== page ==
I’ve lived what most people consider a crazy life. I built my house all by myself with minimal external help and zero experience with any form of construction, I went to France to work as a raft guide with no experience on small, steep, cold, technical rivers and no knowledge of the French language, I moved to Colorado for my paramedic training prepared to live in my van with no money and no job possibilities when I returned to Canada…. and there’s a long list of other examples. But I’ve always taken on these challenges with almost no degree of nervousness at all. My motto is “if it can be done, it can be done by me”.
Yesterday though, me and a few of my buddies took my truck and 16′ flatbed trailer to pick up my new maple syrup evaporator. Last year I tapped 120 maple trees and made about 80 liters of syrup with my small hobbiest evaporator. But this year I decided to step it up and tap 1000 trees with a new (used) evaporator. My previous evaporator was 2’x6′ but my new evaporator is 4’x14′. My maple shack is only 16′ long! My new evaporator is made of cast iron and stainless steel with about 1000 pounds of firebrick. The chimney is 12″ in diameter and 30′ high. I completely loaded the truck AND trailer and still only had collected about a third of the equipment. Every piece involved with this equipment can only be moved by a minimum of 4 people.
Tasks ahead of me include: tearing down a wall of my sugar shack so I can get the evaporator in there, finding 6-8 friends to help me move it, rebuilding the shack so it is 8′ longer, cleaning all the old mortar off of the fire bricks, figuring out how all the pieces fit together again, cutting holes in the roof of the shack to accept the smoke chimney and 2 steam chimneys, lifting the 30′ long, 200 pound chimney into place, and connecting the evaporator to the 1200 gallon sap holding tanks. Then I have to figure out how all this stuff actually works! This is all before I even consider making syrup.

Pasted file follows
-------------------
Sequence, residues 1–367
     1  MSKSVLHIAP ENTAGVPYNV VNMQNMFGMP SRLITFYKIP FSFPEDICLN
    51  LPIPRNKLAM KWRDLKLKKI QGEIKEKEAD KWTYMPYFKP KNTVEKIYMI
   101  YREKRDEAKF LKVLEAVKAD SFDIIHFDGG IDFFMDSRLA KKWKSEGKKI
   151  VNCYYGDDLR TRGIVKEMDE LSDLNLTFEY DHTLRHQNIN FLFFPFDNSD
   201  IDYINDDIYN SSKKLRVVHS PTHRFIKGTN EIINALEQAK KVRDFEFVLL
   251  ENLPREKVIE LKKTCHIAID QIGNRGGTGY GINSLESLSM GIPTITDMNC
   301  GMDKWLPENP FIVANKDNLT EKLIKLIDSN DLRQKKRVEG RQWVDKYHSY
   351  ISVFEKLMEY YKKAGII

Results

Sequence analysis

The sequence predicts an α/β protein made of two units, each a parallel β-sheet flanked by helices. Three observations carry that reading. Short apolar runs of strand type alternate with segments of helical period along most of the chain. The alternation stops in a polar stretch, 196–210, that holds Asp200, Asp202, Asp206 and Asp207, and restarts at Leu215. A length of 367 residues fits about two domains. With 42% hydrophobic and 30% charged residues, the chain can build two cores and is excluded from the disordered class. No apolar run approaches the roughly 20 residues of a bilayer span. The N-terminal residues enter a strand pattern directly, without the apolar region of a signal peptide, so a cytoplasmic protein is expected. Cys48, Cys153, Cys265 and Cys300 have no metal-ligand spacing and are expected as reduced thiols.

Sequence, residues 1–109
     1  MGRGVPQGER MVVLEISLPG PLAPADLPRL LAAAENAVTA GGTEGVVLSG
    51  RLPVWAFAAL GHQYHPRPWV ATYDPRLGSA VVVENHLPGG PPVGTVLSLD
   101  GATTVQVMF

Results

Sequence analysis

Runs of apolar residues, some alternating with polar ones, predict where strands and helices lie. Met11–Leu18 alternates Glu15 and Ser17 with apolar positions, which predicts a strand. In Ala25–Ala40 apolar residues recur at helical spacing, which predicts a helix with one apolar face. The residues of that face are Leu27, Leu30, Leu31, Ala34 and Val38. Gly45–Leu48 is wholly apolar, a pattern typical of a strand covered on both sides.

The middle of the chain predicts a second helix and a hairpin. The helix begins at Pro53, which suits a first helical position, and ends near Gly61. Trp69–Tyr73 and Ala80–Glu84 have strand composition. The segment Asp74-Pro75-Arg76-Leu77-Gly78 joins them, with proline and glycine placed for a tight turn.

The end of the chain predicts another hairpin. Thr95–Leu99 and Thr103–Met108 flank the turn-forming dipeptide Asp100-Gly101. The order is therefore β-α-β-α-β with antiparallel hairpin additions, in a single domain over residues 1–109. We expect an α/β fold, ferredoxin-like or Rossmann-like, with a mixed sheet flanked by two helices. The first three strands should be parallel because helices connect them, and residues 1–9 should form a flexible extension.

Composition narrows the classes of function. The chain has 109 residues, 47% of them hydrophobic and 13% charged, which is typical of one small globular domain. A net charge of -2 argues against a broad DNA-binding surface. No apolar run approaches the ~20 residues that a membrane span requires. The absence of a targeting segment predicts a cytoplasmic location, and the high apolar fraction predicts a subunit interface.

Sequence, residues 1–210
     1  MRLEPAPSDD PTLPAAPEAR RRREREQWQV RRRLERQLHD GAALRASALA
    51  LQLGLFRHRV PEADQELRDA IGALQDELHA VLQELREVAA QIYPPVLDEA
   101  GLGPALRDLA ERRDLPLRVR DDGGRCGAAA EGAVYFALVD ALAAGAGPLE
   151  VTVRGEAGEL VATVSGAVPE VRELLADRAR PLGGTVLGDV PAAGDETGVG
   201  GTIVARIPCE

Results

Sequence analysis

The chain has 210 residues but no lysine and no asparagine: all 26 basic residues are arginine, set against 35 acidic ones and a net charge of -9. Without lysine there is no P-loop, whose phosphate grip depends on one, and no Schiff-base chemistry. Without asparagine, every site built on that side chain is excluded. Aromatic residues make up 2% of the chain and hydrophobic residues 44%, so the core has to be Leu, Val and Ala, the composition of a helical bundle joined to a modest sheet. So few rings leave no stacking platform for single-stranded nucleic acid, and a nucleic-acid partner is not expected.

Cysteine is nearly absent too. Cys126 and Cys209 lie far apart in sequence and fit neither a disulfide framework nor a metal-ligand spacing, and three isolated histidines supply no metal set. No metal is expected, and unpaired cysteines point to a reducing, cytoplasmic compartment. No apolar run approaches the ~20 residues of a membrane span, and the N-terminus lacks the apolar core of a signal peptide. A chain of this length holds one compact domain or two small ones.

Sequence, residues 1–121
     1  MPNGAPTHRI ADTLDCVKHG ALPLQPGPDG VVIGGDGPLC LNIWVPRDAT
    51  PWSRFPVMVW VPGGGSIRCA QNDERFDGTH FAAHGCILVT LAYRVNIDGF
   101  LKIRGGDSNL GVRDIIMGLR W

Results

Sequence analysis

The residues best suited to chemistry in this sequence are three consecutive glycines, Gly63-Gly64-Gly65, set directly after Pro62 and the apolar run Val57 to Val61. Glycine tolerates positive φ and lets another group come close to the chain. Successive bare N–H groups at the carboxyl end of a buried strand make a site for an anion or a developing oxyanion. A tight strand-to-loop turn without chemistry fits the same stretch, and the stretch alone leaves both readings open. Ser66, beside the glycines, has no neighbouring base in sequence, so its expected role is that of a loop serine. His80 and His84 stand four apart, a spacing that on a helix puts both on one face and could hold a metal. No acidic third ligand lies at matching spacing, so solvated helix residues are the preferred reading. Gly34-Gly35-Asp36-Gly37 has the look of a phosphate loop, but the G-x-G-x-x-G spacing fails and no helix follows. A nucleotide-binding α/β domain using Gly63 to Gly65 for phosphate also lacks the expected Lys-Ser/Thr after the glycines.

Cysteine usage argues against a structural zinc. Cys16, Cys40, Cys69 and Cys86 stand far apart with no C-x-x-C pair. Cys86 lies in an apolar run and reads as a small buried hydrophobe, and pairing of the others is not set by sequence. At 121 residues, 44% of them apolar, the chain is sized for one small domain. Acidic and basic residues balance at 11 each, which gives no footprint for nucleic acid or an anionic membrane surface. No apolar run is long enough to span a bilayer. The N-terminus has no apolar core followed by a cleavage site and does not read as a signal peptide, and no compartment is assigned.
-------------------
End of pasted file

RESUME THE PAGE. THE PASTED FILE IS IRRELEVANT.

To do this I have to learn how to tap 1000 trees and run the lines (using gravity only) back to the shack. Anyway, all of this to say, as I was looking at and loading all of this stuff, I finally felt nervous, anxious, stressed and overwhelmed by the challenge ahead of me. And I have to admit, I didn’t like feeling this way very much!
Luckily experience has taught me what I need to do… Just like building the Ark, I can’t think of the entire process all at once. “I’ll NEVER be able to do all of that!” Instead I have to break the challenge ahead of me into manageable tasks. First I need to focus on collecting the rest of the equipment and bringing that shack wall down so we can get the evaporator into the shack. On September 25th, I’m hosting a trail race here where I’m sure I’ll be able to secure enough guys to help me move the evaporator into the building. And that’s where I need to stop thinking! Those 2 jobs are big ones, but with my plan, they’ll be easy-peasy.
The stress and anxiety being caused by this challenge is new to me and although I don’t like it, I have to admit it’s a little bit exciting. It’s kind of like a suspenseful movie… I’m on the edge of my seat waiting to see what will happen next! I certainly expect to learn a thing or two along this journey, and if I come across anything I think will benefit others, I’ll share it here.